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Winners announced in dental school research competition

Students studied T cells and skin cancer, maxilla and maxillary incisors and soft tissue

The top three 2024 studies have been announced in the West Virginia University School of Dentistry annual student research competition.

This year marked the 7th annual local AADOCR/DENTSPLY Student Competition for Advancing Dental Research and its Application (SCADA) and 56th annual School of Dentistry Alumni Research Competition. 

Dental students complete a research project during the third year of the academic program.  Working alone or in small teams, with a faculty mentor, students perform studies which examine a range of scientific issues, from caries and periodontal disease, to smoking cessation and oral health promotion. 

First place: The role of T cells in HNSCC sex biases
Carson Cochran, Chance Shears, Harry Le, Trace Bennett.
PI: Dr. Franko; IACUC protocol: 2109045855
Evaluating myeloid-derived suppressor cell recruitment and function in males vs female HNSCC tumors CD8 lymphocytes


Our research was centered on the role of T cells in the sex bias of Head and Neck Squamous Cell Carcinomas (HNSCC). We worked with Dr. Jennifer Franko’s lab to evaluate the outcome of erasing the effects of T cells in male and female mice and cultivating HNSCC growth in these groups. We were able to observe that, just as with humans, normal males had a more profound growth of HNSCC compared to normal females, whereas mice who had their T cells effectively taken out of the equation no longer showed any bias in tumor growth between males and females. This shows us that the sex bias of tumor growth in males versus females is much more biological in nature, rather than just behavioral, as may have previously been assumed. We hope that this stepping-stone of research leads to better diagnosis and treatment outcomes for HNSCC patients in the future.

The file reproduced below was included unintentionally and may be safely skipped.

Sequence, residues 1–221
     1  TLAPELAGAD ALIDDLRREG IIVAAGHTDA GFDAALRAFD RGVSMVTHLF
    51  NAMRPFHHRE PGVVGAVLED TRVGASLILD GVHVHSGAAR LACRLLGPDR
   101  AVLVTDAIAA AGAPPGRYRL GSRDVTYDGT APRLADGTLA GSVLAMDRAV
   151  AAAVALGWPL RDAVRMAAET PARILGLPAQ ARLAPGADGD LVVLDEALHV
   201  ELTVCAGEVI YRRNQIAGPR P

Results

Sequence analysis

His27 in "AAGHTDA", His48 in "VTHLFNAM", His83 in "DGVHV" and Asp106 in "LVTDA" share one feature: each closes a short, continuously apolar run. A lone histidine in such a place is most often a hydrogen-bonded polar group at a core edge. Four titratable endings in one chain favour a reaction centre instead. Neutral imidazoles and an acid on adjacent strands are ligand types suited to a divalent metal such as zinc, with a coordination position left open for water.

Second place: An Innovative Method for Measuring the Position of the Maxilla and Maxillary Incisors Relative to Soft Tissue Glabella in Adults and Adolescents: A Cephalometric Study
PI: Khaled Alsharif; IRB protocol: 2309849649
Noor Dahshan, Haider Jaffrey, Malik Bourghli, Dalal Ali.
Maxillary Position Relative to Glabella: A Cephalometric Study


Cephalometric analysis is a valuable diagnostic tool in orthodontic cases by allowing an evaluation of the relationship within and between the skeletal, dental, and soft tissue components. Our study aimed to use Soft Tissue Glabella(STG) from which a vertical plane was established to determine the sagittal position of the maxilla. This has been primarily determined relative to the cranial base structures by using SNAº (82 ± 2°). However, throughout the development of the craniofacial structures, S and N points slightly shift position as the SN plane develops. It is reasonable to assume that if the incisors are ideally positioned within the maxilla, per Andrews, then the ideal sagittal position of the maxilla can be determined relative to STG. Our results and data supported more reliability in Glabella Perpendicular than SNA.

Third place: Treatment Outcome Chart Review—Root Canal Therapy vs Extraction in Patients Aged 8-11 years.
Avery Smith, Joey Skonieczny, Rachel Rutledge, Caitlin Murphy.